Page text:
Austin Motorcycle Accident Lawyer
If you’ve been injured in a motorcycle accident, contact an experienced motorcycle accident lawyer immediately.
In Texas, there are more than 448 thousand registered motorcycles.
To receive a motorcycle license, you must pass a motorcycle safety course, although that requirement can be waived for people transferring a valid motorcycle license from another state. You also have to pass a vision test and a driving test (although a few exceptions apply).
Motorcycle operators are not necessarily at fault for all crashes they’re involved in, nor are all motorcycle crashes fatal. But crashes may be more likely to be fatal if a rider isn’t wearing a helmet or if the other vehicle is much larger than the motorcycle. In a motorcycle crash, unlike most car crashes, a vehicle will usually make contact with a motorcyclist’s body, which greatly increases the likelihood of serious injury.
What To Do After An Accident
The decisions you make and actions you take after an accident can have a huge impact on the success of any potential legal action or compensation. After a motorcycle accident, you should:
- Stay at the scene and call 911. Safety is your first priority. Remain at the scene until emergency personnel arrive. If you are injured, do not attempt to move until first responders can help you.
- Exchange information with other drivers, including names, phone numbers, driver’s license number, license plate numbers, and insurance information. If you can do so safely, take photos of the scene and damage to the vehicles.
- Seek medical attention. Follow all medical advice and keep all your appointments.
- Contact an attorney as soon as possible. To schedule a free consultation with motorcycle accident lawyer Chip Evans, call (512) 732-2727.
- Do not speak to the other driver’s insurance company. Under no circumstances should you discuss the details of the accident with anybody but your motorcycle accident attorney and the police. If the insurance company calls, politely tell them that they should contact your lawyer.
Aftermath of Motorcycle Crashes
When you are a motorcyclist injured in a crash, you may require long-term medical care. Traumatic brain injuries, for example, are one of the most serious, debilitating consequences of motorcycle crashes; depending on the severity of the injury, people may need personalized in-home care for the rest of their lives. But even if your injuries are less serious, your medical costs can add up quickly. More than 80 percent of all reported motorcycle crashes result in injury or death to the motorcyclist.
The most common motorcycle accident injuries include:
- Head and neck injuries
- Road rash
- Muscle damage
- Biker’s arm
- Leg injuries.
Why You Need a Motorcycle Accident Lawyer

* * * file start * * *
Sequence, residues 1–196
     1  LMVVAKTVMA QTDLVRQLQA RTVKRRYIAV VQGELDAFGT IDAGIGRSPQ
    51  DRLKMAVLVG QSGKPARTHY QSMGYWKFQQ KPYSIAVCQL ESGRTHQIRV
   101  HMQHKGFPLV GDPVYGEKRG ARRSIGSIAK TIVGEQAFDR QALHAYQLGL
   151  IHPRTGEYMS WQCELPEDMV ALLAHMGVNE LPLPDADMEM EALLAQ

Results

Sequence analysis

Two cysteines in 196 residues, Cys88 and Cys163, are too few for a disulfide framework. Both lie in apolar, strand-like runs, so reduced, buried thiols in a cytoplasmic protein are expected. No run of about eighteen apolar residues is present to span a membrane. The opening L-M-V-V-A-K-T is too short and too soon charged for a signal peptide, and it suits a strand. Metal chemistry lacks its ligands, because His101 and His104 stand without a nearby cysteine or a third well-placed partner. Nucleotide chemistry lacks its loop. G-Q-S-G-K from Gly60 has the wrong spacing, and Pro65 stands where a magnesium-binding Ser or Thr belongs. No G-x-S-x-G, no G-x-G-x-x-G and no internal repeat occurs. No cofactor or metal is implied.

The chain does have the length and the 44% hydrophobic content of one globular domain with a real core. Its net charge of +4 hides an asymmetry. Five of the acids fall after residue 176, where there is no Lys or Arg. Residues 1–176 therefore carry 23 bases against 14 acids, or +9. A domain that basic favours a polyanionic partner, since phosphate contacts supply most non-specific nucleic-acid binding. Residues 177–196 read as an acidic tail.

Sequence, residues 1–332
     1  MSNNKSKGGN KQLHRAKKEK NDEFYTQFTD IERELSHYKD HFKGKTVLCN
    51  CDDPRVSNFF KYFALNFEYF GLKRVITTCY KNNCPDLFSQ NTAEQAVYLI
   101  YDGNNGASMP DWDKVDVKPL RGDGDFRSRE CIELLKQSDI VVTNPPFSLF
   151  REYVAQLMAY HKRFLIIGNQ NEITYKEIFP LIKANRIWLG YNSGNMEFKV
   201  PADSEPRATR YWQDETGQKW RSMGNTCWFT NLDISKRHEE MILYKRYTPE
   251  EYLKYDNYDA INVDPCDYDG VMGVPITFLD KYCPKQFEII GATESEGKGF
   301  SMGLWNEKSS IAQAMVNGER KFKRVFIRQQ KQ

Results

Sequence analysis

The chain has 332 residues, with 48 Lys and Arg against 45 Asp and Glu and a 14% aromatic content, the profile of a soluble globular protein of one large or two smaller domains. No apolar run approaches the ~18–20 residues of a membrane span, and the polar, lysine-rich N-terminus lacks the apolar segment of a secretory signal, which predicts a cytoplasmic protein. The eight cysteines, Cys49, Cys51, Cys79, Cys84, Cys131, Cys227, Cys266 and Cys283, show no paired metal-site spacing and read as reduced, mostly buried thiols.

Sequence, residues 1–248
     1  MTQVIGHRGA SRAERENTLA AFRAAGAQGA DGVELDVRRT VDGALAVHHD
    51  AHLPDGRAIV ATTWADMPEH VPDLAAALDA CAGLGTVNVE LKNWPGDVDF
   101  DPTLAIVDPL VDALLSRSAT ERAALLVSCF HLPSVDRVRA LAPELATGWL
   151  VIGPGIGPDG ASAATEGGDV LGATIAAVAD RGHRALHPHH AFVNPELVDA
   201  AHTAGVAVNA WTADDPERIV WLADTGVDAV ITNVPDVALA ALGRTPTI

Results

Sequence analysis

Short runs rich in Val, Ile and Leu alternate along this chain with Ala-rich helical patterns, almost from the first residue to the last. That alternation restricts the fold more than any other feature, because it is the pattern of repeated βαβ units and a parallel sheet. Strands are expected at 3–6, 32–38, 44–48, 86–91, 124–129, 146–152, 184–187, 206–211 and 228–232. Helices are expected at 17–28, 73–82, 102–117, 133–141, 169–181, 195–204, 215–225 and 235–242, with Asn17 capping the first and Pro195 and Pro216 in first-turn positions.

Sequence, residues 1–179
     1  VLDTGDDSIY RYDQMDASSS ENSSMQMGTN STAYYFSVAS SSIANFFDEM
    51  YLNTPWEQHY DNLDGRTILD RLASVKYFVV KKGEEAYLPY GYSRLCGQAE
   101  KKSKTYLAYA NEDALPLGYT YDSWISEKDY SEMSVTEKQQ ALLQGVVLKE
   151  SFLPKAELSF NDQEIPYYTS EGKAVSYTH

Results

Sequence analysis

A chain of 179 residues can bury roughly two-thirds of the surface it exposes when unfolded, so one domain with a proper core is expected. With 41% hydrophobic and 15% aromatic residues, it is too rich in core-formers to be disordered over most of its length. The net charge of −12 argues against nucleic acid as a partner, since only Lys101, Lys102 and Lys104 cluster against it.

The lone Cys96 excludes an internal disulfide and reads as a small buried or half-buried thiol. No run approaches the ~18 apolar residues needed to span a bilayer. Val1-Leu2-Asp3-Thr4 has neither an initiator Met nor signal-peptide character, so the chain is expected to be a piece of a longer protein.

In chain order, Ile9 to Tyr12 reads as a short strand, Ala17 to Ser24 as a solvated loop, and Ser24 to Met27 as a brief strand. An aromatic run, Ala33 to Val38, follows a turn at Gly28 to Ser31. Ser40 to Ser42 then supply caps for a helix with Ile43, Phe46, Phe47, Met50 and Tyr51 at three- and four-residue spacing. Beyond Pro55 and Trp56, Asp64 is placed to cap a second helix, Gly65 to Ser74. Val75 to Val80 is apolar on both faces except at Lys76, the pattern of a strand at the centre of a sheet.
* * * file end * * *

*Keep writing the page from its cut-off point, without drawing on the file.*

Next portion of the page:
Hiring a lawyer after you’ve been involved in a wreck with your motorcycle does not mean you will have to sue anyone or go to court. It’s a smart idea to have legal representation in place as soon as possible after the accident.
If another driver is at fault, their insurance company will waste no time in coming to you with an offer. You may be recovering, unable to work, and worried about mounting bills, so, of course, it’s tempting to take the money without question. But by doing that, you are doing exactly what the insurance company (and their teams of lawyers) are hoping you will do. Their goal is not to compensate you fully for your losses. It’s to save their employer money.
Your motorcycle accident attorney will add up the total cost of your past, present, and likely future expenses related to the wreck, including less tangible costs like pain and suffering. They will be able to approach the insurance company and skillfully negotiate until the two parties come to an agreement that’s fair to you. In a relatively small percentage of cases, the insurance company may not be willing to give you what you and your lawyer believe your injuries warrant. At that point, you and your lawyer will want to discuss next steps, like filing a lawsuit.
Highway Hazards for Bikers
Helmet Laws in Austin
Texas law requires riders age 20 and younger to wear a helmet when riding a motorcycle. Riders age 21 and older are not required to wear a helmet, provided they can show proof of a motorcycle health insurance plan. That said, if you are in an accident, a helmet can save your life — no matter your age. According to the Centers for Disease Control and Prevention, helmets reduce the risk of head injury by 69% and the risk of death by 37%.
In April 2015, a tragic accident occurred about 150 miles north of Dallas. A group of 13 motorcyclists was traveling on U.S. Highway 81, just north of Comanche, Okla., when a pickup truck crossed the center line and crashed head-on into the riders. Several of the motorcyclists were seriously injured, and one of them died.
Large vehicles – especially commercial trucks over 10,000 pounds – pose a serious threat to motorcyclists. Riders should exercise caution when larger vehicles are nearby and understand that other drivers might not see them.
To increase visibility on the road, motorcyclists can wear bright colors, use reflective gear, add auxiliary lights and avoid riding in other drivers’ blind spots.
No matter how vigilant you are, you are still at the mercy of others’ bad and inattentive driving. If you’ve been injured, contact motorcycle accident lawyer Chip Evans at (512) 732-2727 today.
Common Causes of Motorcycle Accidents
Every year, the Austin Police Department publishes its Analysis of Traffic Fatalities, which includes a section on motorcycle fatalities. It not only details the number of crashes and deaths in the city in a given year, but breaks them down by contributing causes (like impairment and speed), day of the week, type of road, and other factors.
Nationally, motorcycle fatality statistics fluctuate year to year, but one thing has remained constant: in the Lone Star State — our love of the open road comes with a price. Texas consistently ranks among the leading states in motorcycle traffic fatalities.
Here are some common causes of motorcycle accidents: